In addition to the positive data for ATX-101, Kythera announced earlier this year that it has commenced an underwritten public offering of shares of its common stock to raise aggregate proceeds of $100 million. All of the shares of the common stock to be sold in the offering will be offered by KYTHERA. The company intends to use the net proceeds of the offering to fund the ongoing development and preparation for potential commercialization of ATX-101.

Subcutaneous Abdominal Fat. Another injectable agent under investigation for the treatment of fat is Lithera's LIPO-202 (Salmeterol Xinafoate), which is preparing to enter late-stage clinical trials. If successfully developed, LIPO-202 would be the first injectable treatment for the targeted, non-ablative reduction of subcutaneous abdominal fat. To assist with the development of LIPO-202, Lithera recently appointed Lincoln Krochmal, MD as Chief Medical Officer. Previously, Dr. Krochmal was President and Chief Executive Officer of Excaliard Pharmaceuticals, an aesthetics company acquired by Pfizer, Inc.

Fillers. Clinicians can expect continued growth in the area of dermal fillers. Specifically, fillers marketed under the Teoxane brand, currently available in more than 90 markets outside the US, may soon see domestic approval and commercialization. That's because the Alphaeon Corporation, a wholly-owned subsidiary of Strathspey Crown Holdings, LLC, has acquired an exclusive license for the full line of Teoxane products. As part of the relationship, Alphaeon will market the full line of Teoxane hyaluronic acid-based dermal fillers and cosmeceutical products to credentialed physician specialists (CPSs). Teoxane products contain 100 percent non-animal origin, resorbable hyaluronic acid.

Topical Botulinum Toxin. Outside the injectable arena, clinical investigators are continuing to explore the potential of topical botulinum toxin. RT-001 is a topical gel under evaluation for the temporary elimination of facial wrinkles in the crow's feet area. In 2010, data from a Phase II trial suggested a bright future for the agent. Revance, developer of RT-001, is now prepared to enter its Phase III program, suggesting that topical toxins may, indeed, be on the way in several years.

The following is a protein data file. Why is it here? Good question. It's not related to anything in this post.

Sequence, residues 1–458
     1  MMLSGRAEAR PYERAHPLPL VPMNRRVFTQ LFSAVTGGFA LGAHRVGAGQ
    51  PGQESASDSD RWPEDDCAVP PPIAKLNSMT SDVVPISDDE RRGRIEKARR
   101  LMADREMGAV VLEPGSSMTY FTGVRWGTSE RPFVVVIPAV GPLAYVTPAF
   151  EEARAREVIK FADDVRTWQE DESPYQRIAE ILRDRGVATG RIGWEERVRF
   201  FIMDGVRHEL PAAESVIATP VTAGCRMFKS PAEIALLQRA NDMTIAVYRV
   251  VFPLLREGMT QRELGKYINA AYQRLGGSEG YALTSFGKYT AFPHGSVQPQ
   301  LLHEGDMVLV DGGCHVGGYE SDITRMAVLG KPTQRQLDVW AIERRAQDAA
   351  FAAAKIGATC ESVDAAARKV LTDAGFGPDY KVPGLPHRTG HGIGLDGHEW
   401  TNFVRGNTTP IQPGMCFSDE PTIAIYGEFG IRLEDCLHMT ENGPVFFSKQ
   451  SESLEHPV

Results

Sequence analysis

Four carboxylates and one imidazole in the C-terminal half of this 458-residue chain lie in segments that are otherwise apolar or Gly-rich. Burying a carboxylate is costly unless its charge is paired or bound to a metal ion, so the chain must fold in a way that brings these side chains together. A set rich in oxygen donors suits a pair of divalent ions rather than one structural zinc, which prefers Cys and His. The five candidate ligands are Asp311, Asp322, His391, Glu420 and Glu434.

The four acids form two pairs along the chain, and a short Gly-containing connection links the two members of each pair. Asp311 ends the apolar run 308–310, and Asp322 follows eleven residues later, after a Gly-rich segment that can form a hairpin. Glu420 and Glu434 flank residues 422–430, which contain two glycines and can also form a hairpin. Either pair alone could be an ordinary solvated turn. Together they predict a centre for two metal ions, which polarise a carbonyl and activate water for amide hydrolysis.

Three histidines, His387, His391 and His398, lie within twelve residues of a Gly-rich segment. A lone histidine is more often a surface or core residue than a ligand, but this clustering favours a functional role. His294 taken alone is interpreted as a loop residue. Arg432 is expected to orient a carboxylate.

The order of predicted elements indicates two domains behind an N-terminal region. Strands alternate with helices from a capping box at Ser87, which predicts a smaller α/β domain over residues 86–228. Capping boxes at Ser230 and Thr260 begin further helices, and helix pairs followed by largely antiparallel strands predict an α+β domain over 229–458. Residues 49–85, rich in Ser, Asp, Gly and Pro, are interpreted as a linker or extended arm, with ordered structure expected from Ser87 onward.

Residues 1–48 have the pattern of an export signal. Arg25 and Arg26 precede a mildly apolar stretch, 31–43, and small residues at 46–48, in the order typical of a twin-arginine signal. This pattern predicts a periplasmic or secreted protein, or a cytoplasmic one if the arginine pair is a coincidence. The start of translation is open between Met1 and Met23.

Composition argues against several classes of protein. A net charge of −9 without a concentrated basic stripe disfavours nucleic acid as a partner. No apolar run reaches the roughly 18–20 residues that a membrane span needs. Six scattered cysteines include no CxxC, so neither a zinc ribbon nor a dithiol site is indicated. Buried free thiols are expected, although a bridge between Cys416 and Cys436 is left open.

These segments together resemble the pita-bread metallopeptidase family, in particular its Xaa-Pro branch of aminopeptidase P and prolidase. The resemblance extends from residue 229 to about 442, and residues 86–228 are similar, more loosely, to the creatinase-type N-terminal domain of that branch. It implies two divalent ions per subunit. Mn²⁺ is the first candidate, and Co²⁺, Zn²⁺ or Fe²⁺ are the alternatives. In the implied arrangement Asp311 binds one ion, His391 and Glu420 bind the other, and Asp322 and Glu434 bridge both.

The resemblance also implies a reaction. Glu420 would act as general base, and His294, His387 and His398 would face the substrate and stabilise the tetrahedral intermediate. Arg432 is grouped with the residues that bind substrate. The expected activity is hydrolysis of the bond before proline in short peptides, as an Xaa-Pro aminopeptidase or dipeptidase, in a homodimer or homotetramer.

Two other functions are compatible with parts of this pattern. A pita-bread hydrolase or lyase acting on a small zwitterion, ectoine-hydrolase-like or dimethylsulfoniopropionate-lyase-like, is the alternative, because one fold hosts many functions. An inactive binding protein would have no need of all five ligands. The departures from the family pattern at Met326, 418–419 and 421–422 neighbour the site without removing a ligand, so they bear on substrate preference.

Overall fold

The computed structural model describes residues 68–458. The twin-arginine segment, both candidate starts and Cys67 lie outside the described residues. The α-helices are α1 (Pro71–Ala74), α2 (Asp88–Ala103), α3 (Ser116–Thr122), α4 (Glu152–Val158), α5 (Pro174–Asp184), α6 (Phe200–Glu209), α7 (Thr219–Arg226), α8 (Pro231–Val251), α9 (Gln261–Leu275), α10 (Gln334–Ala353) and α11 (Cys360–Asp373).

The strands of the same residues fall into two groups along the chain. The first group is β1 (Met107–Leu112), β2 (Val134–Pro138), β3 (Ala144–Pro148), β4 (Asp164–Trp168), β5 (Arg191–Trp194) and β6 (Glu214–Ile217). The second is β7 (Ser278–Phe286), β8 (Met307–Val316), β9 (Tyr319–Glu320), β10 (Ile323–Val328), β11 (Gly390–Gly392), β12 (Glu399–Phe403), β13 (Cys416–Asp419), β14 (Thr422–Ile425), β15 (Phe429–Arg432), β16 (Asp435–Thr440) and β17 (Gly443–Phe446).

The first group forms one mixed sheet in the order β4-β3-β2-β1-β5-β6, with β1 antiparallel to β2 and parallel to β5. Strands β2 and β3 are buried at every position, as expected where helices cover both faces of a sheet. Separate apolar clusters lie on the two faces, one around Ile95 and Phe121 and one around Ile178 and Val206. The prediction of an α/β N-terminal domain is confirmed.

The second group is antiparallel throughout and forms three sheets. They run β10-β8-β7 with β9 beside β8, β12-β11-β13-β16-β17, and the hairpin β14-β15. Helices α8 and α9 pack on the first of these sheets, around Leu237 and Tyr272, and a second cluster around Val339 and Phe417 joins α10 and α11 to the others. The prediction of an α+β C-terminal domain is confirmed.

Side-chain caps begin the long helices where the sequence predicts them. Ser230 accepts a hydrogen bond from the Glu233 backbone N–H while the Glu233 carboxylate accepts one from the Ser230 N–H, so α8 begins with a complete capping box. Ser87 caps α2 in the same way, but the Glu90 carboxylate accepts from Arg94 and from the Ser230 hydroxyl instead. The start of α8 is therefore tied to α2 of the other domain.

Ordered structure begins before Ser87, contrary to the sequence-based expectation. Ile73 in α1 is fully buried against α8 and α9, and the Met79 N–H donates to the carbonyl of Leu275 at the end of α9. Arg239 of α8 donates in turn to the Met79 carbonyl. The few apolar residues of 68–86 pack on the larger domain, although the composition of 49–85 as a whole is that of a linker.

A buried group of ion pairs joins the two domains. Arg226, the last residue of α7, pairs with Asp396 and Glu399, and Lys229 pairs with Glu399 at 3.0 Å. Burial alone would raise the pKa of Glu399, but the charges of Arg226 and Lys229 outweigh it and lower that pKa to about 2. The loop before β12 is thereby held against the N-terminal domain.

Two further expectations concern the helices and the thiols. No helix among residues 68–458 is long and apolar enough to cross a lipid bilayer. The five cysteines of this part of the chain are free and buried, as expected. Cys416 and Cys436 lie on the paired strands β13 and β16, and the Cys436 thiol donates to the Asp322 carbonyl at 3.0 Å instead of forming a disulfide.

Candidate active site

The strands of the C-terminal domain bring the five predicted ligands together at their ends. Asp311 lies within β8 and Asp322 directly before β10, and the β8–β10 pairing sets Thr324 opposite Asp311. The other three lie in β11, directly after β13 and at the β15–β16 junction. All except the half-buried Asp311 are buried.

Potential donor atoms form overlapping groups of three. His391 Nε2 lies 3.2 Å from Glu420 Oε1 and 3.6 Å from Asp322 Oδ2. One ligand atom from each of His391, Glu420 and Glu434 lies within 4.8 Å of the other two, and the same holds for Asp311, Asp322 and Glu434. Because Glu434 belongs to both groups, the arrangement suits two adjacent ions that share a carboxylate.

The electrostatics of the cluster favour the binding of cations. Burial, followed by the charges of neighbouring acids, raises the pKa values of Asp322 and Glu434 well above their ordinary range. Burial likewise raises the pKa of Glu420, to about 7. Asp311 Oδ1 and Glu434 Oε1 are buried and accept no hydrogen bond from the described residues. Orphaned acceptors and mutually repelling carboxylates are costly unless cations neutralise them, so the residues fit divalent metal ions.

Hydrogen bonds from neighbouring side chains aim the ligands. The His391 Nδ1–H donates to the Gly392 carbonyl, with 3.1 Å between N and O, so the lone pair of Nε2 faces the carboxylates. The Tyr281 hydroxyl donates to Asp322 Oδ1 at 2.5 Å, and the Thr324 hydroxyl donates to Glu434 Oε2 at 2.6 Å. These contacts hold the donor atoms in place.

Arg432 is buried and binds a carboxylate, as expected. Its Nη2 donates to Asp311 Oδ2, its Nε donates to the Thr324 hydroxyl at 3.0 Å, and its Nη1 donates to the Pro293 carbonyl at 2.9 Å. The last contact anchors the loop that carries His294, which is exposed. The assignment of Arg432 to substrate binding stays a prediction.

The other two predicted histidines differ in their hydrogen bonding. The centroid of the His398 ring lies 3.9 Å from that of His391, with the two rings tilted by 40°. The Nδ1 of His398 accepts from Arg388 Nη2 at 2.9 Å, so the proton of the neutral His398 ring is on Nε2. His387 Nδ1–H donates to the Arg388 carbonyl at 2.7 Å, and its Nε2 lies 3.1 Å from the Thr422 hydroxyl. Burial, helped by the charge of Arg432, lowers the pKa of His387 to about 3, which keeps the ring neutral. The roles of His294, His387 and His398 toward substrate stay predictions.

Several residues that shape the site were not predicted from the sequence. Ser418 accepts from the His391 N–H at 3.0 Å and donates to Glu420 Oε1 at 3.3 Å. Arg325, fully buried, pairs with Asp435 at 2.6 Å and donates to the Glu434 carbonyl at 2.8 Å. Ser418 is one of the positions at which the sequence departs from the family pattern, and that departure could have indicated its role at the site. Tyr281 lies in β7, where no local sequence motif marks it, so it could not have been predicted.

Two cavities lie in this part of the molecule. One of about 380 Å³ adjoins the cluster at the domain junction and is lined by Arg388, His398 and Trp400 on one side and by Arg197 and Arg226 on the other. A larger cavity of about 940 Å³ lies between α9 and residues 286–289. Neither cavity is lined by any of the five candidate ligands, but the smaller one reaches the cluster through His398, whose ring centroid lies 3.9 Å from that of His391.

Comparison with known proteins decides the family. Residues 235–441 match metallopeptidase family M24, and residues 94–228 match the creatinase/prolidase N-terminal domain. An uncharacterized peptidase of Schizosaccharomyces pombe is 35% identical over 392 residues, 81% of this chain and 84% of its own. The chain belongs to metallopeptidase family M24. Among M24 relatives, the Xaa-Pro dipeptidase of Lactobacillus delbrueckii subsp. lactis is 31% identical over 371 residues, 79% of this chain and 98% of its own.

The possibility of topical botulinum toxins has yielded much conjecture over the last several years, but it remains to be seen whether the eventual approval and commercialization of such a product would be a positive or negative development for the broader field of aesthetics. According to Mark Rubin, MD, whether the investigational botulinum toxin gel translates into an effective product that patients will want to use is a matter of debate, as several logistical issues may pose problems. “Patients will likely need to wait 30 to 40 minutes in an office with the gel on their face, as opposed to waiting one minute for an injection,” Dr. Rubin wrote in the January 2013 edition of Practical Dermatology®. “Nevertheless, topical toxins could represent a major step in cosmetic dermatology for the practical reason that they might open the possibility for patients with a fear of needles and injections to receive toxins,” Dr. Rubin observed. Also, a topical-based toxin may allow physicians to finesse the drug a bit more. “By applying small amounts or leaving the gel on the skin for shorter time frames than are being used in clinical trials, it may be possible to finesse the drug better for other applications,” said Dr. Rubin. “For example, small doses of toxin applied superficially to the skin may reduce the size of pores and stunt oil production. This could open a whole new world for the potential use of toxins in the glands.”


The investigational agents discussed in this article represent only the highlights of the larger spectrum of dermatology pipeline. While not every investigational agent earns approval, the volume and variety of agents being developed in several areas of the specialty point to brighter days ahead for patients.